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Decades Of Litigation Experience

What is an emergency?

| Feb 4, 2021 | Family Law |

Is this an Emergency? Decoding what the Court’s will hear on an Immediate Basis.

Generally, what constitutes an emergency is common sense. Is someone bleeding? Is someone missing? Is something on fire? But in the world of divorce and family law, “emergencies” come in all shapes in sizes. So, what do Court’s give the greatest consideration to when an attorney brings an emergency application before them?

Custody and Visitation interference, meaning, is your spouse keeping your child from you? Are they interfering with your regularly scheduled visitation? This is a big deal to the Courts. In evaluating who to award custody to, Courts consider several factors, including but not limited to, what is in the best interest of the child, what the child wants (if they’re old enough to express that opinion) and they consider which parent is going to foster a relationship between the child and the other parent. If your spouse is doing just about everything in their power to keep your child away, including saying demeaning things about you to the child, the Court will act immediately and swiftly to correct it.

Next up, financial support. Did your spouse up and leave and cut you off from the bank accounts? You have children to feed and cloth, and a roof to keep over their heads. Again, the Court does not take kindly to this type of behavior. Your attorneys can file an immediate motion to receive a court ordered award of support.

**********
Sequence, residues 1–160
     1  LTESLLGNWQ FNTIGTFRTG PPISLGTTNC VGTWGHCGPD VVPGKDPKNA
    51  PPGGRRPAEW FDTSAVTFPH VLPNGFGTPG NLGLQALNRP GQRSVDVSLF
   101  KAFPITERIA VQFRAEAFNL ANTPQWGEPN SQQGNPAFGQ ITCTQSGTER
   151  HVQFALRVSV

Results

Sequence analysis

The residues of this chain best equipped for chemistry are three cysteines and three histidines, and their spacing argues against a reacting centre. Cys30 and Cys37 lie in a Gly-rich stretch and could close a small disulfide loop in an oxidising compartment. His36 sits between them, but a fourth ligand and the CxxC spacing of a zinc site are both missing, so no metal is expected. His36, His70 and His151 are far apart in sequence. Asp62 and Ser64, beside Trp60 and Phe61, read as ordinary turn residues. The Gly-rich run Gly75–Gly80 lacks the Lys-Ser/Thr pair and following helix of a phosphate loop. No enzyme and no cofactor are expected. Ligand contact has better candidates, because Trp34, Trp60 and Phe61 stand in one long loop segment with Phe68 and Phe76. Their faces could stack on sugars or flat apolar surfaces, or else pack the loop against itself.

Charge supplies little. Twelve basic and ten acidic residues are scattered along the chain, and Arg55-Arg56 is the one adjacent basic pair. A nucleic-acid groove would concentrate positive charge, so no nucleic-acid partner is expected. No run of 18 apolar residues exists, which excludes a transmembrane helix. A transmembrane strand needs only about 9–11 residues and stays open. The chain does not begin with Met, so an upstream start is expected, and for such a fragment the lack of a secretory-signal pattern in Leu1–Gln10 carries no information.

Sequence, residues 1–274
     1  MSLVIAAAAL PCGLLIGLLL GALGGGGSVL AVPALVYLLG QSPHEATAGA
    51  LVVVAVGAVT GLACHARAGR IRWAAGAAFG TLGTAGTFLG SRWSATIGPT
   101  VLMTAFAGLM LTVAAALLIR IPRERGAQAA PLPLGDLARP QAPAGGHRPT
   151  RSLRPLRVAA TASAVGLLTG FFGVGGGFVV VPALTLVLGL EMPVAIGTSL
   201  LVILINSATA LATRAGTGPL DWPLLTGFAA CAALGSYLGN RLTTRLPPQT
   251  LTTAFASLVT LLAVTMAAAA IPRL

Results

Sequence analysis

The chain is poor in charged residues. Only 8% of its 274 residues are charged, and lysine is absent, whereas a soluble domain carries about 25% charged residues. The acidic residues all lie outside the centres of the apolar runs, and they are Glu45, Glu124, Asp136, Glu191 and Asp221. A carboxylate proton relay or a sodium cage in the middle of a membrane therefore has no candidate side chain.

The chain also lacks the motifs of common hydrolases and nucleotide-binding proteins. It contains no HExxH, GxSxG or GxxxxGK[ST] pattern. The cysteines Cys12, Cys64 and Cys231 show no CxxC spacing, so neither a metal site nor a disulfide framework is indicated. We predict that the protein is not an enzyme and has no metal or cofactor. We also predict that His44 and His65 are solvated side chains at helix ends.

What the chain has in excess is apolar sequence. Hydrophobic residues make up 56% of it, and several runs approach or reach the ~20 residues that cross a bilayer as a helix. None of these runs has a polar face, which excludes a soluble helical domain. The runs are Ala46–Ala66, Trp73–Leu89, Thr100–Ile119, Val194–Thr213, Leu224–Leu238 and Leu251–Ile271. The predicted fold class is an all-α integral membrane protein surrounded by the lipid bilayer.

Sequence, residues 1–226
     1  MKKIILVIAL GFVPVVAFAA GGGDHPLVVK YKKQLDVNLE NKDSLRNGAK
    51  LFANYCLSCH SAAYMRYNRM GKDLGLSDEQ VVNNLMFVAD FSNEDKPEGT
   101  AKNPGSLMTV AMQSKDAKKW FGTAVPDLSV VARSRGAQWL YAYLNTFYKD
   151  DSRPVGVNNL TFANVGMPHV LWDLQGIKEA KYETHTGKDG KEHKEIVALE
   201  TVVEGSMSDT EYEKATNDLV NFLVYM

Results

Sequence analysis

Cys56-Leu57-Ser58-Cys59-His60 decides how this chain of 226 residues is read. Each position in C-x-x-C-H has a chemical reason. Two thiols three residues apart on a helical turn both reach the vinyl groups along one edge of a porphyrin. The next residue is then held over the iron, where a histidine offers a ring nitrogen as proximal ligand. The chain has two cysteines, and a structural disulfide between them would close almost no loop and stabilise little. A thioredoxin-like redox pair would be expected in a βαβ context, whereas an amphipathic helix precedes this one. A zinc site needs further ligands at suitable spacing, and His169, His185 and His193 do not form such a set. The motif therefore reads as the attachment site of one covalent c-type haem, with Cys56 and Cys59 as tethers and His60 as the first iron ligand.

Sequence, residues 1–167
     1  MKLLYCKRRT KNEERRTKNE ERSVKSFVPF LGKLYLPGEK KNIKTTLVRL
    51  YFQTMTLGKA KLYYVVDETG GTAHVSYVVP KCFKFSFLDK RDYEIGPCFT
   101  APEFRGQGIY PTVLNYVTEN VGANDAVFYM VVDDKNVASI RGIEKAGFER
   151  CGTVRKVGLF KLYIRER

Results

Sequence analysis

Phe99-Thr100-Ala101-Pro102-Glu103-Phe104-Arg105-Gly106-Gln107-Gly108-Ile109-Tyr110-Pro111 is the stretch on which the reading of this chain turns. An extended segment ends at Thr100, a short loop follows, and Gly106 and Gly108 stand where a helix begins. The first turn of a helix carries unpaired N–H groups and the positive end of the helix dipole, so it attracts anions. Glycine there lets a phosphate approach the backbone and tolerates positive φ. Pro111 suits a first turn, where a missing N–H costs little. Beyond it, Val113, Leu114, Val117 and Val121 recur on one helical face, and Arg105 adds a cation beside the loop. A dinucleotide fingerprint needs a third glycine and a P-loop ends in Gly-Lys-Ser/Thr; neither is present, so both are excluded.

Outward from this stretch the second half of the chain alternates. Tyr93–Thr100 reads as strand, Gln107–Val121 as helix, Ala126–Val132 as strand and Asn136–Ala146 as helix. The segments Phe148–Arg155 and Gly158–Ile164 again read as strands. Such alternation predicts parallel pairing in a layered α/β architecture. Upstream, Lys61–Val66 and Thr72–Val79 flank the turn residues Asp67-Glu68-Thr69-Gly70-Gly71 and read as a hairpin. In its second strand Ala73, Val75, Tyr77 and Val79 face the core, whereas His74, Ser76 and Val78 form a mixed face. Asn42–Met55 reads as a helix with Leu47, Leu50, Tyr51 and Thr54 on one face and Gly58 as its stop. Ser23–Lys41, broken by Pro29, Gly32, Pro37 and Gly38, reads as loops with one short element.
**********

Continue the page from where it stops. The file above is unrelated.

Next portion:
What is not an emergency? You need a new cellphone. You are living with your spouse and they touched your leftovers just to annoy you. They’re breathing too loud. You don’t like the way they let the kids have dessert every night.

Divorce is hard, and there are lots of areas to navigate. Its important to prioritize what you need by way of court intervention, and do your best to understand what constitutes a real emergency and what is something that is beyond the court’s power. The Court cannot say your spouse shouldn’t see the children because they let them over indulge in sweets. At custody trial however, maybe that is a factor for the Courts to consider if the parent is acting in the child’s best interest. Just because it’s not an emergency, doesn’t mean its not important, and that is also something to be cognizant of.